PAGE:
Here we are back at again, Round 3!! Last time we left off with using OpenHAB to automate the printing lights on a job start and stop. Now, we take things one step further, by automating more steps when the job stops and me just overall being lazy with how I get my files onto Octopi. So, without further a due, lets jump into our first task, syncing files with Rsync!

We are Syncing! We are Syncing!

Lets talk about how I run my print jobs. I start with two ways, grabbing files off (95% of the time…) or doing work in Blender and making something original. Both ways, I’ll end up with a STL file that I’ll throw into CURA. From there, CURA spits out the GCODE that is ready for upload. So I have a folder that holds all of my print files and that folder is made up of folders, that have folders, in folders with folder for folders. My OCD gets out of hand sometimes, any DBA would cringe at my normalization overkill… Anyway! The point is, with the messy folders on my desktop, not translating well on my Pi, you can see how things can get easily lost.

Syncing with Next Cloud

Lets take a quick step back and talk about the backbone. While I do all the STL GCODE stuff on my desktop, my goal is to keep things stored on my next cloud server to keep them available 24/7. To get this done, next cloud has an amazing Windows client that syncs your files in real time with your server. Think of it like Google Drives desktop client, or One Drive. Going this route also give me the chance to do blender/Thingiverse things from my laptop and still keep everything in sync on the Pi.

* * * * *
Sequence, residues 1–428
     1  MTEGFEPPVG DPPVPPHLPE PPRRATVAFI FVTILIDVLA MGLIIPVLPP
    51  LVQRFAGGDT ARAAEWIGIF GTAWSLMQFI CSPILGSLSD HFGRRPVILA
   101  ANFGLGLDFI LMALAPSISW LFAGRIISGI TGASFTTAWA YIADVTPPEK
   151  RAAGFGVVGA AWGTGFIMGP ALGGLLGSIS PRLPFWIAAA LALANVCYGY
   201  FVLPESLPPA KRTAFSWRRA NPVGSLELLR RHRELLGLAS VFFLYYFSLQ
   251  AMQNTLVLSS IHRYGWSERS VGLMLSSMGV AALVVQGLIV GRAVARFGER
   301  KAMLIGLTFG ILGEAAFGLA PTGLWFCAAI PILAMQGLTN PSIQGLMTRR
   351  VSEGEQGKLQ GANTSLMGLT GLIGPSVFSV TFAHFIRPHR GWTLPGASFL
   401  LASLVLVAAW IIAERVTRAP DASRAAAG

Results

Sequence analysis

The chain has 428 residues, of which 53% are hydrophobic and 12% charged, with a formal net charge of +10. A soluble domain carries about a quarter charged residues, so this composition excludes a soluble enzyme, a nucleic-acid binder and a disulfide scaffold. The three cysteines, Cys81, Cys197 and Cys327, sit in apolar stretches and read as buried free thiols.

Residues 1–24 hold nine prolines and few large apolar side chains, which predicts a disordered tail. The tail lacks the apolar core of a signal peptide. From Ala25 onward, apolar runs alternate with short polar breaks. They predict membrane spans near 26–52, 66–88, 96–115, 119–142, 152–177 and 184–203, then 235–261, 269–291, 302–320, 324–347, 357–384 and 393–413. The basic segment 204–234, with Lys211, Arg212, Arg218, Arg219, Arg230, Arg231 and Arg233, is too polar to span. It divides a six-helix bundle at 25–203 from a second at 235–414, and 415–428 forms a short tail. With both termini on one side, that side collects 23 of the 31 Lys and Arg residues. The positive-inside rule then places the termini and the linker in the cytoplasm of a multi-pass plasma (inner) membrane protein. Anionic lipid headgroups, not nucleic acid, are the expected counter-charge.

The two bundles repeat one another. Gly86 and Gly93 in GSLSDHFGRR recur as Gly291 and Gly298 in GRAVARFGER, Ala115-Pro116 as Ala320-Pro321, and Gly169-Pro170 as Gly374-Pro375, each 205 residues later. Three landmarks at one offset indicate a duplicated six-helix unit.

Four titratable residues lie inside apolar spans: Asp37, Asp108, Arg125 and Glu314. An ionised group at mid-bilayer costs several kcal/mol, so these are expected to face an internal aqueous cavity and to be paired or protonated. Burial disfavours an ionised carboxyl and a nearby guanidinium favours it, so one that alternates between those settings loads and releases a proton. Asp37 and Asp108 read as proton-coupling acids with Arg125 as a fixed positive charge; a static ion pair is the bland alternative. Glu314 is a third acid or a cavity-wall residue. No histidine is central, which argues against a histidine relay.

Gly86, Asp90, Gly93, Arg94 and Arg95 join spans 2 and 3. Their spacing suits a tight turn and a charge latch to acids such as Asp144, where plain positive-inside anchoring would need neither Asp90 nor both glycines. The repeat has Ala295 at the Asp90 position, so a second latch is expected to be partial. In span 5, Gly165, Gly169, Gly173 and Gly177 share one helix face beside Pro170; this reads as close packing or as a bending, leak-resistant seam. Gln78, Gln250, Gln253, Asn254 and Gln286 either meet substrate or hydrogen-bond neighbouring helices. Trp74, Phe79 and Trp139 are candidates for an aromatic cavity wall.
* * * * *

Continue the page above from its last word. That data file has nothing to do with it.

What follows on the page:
Cool, that was the easy part! Now we get into how we are going to sync Next Cloud to the Pi. Lets start with setting up our SSH keys!

SSSSSSH…. I’m RSyncing…

Heh, double pun because SSh and sssshh and rsy…. ok I’m done. The reason for setting up a SSH handshake is to make authentication between devices easier and more secure. Instead of sending passwords back and forth, the Pi and Server will share SSH public keys to authenticate.

I’m going to skim over some of the details of setting up SSH keys and doing the copy since the commands now a days are very easy to use and there a million tutorials like this one and this one to help you out. The 10,000 FT view is run SSH-KEYGEN (I just use all the defaults, nothing fancy), and run SSH-COPY-ID from the Pi.

ssh-copy-id -i ~/.ssh/ frank@mynextcloudserver

Verify the connection by just running SSH from the Pi against the server.

ssh frank@mynextcloudserver 

If you get to a login screen then yay it worked! If it asks for a password, double check the link to the tutorial I provided above.

Dude can we get to Rsync already…